The pragmatist leadership recognized, from direct experience, as well as from evidence gathered more indirectly, that economic rewards and punishments were an important way to motivate economic agents to avoid waste and to respond to a rapidly changing economic environment. Government bureaucrats were neither motivated nor equipped to respond in such a manner.  Shortages can go undetected or uncorrected for a very long time if it left up to bureaucrats to solve the problem. But if an economic agent is in a position of being rewarded for correcting such a problem, by supplying the product, for example, then economic efficiency can be greatly enhanced. This is a fundamental lesson of the difference between the speed of functioning and efficiency of market exchange processes versus command and control systems. Lenin, Trotsky, Bukharin, Preobrazhensky, and other members of the Bolshevik leadership in the USSR had some rudimentary understanding of this when they pushed forward the New Economic Policy. The Chinese leadership had a similar rudimentary understanding of this from the period prior to the 1949 Revolution when they governed "liberated" areas of China and, for clearly pragmatic reasons, did not interfere, to any significant extent, in local markets. 

But why does the Chinese leadership continue this careful " feeling for stones . . . " approach to economic liberalization? Why not take the approach preferred by Jeffrey Sachs and others who argue for a "big bang" strategy to re-forming socialist economies? The answer is, in part, that the Chinese leadership doesn't have Jeffrey Sachs' faith in the so-called market. They see market exchange processes as an institutional tool, but not a panacea. They have, therefore, rejected the self-adjusting-equilibrium (or market-as-God) discourse of mainstream neoclassical economics. Zhu Rongji, the new premier and top economic reformer, is a strong advocate of making use of the "market mechanism" and of minimizing the role of the bureaucracy in the economy. But Premier Zhu, like most of the current leadership, also believes that market exchange processes are capable of "getting out of control" and producing chaos. President Jiang Zemin, the first paramount leader to have a childhood spent in preparing for an intellectual life (as an engineer), has even shown an interest in "chaos theory" as a tool for social analysis. Chen Yun, China's paramount economist and a guiding intellectual force in the reform era, has described the market as a bird and the state planning institutions as a cage. Chen warned that a bird without a cage would fly away, but he also warned against making the cage too small. Markets, in the conception of the Chinese leadership and many academic economists advising them, are not naturally equilibrating, as in the Sachs' world-view, but are chaotic, though rapidly responding, relationships constrained from flying apart into chaos by strictly enforced institutional rules and relatively rigid institutional structures.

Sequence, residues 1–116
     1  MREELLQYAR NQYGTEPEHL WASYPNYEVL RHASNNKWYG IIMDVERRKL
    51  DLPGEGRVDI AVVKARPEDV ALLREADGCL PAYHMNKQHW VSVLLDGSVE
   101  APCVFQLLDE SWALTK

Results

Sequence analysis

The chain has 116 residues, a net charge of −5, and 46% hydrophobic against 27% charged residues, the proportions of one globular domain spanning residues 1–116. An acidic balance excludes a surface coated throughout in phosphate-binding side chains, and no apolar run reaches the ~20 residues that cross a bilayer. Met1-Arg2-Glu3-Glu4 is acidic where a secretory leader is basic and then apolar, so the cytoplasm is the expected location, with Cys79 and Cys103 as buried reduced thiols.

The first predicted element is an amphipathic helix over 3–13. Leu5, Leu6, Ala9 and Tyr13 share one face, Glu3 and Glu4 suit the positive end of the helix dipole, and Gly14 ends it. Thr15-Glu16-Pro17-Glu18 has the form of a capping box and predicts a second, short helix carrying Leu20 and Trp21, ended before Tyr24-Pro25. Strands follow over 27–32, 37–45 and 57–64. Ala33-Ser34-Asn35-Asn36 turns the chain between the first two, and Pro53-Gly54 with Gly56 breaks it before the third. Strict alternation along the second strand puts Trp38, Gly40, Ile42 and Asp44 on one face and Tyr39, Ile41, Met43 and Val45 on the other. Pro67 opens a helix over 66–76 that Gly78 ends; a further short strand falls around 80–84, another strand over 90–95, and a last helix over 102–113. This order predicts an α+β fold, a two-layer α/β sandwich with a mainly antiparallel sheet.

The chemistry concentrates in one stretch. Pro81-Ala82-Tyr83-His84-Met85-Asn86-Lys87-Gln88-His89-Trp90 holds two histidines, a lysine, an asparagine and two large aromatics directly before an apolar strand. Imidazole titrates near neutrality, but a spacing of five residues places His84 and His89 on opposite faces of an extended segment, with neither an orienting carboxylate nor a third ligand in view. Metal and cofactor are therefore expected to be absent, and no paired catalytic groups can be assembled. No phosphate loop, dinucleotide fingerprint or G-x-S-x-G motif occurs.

Whether it is falling investment and rising unemployment, debt crises, work stoppages, "runaway" inflation, oil shortages, excess supplies and rapidly rising inventories, or any number of other problems, the transactions that make up the so-called market are always capable of generating social problems and sometimes very severe social problems. For Zhu Rongji and the other Chinese leaders, these problems are not aberrations or the simple result of external shocks, but are simply possible outcomes of normal market functioning, given that markets are nothing more or less than the interactions of various economic agents, with differing economic power, knowledge, and social connections. And Premier Zhu no doubt recognizes that market-determined crises are not always undesirable, at least from the standpoint of some subset of economic agents. The Chinese leadership may very well make use of the market as a tool for the destruction of some "inefficient" state owned enterprises (that have acted as a drain on the government's revenues) --- leaving the blame for any subsequent rise in unemployment to the impersonal market mechanism, rather than to conscious government policy. Thus, even though the ideas of Marx and contemporary Marxian theorists play a relatively minor role in shaping public policies in the post-Mao China, there remains among the Chinese leadership a latent Marxian ontology of economic life as a continuous series of tensions and struggles which are sometimes unresolved, sometimes resolved favorably for the parties involved, sometimes resolved favorably for only some of the parties and not so favorably for others, and sometimes result in a generalized crisis that threatens social cohesiveness (or some combination of these outcomes).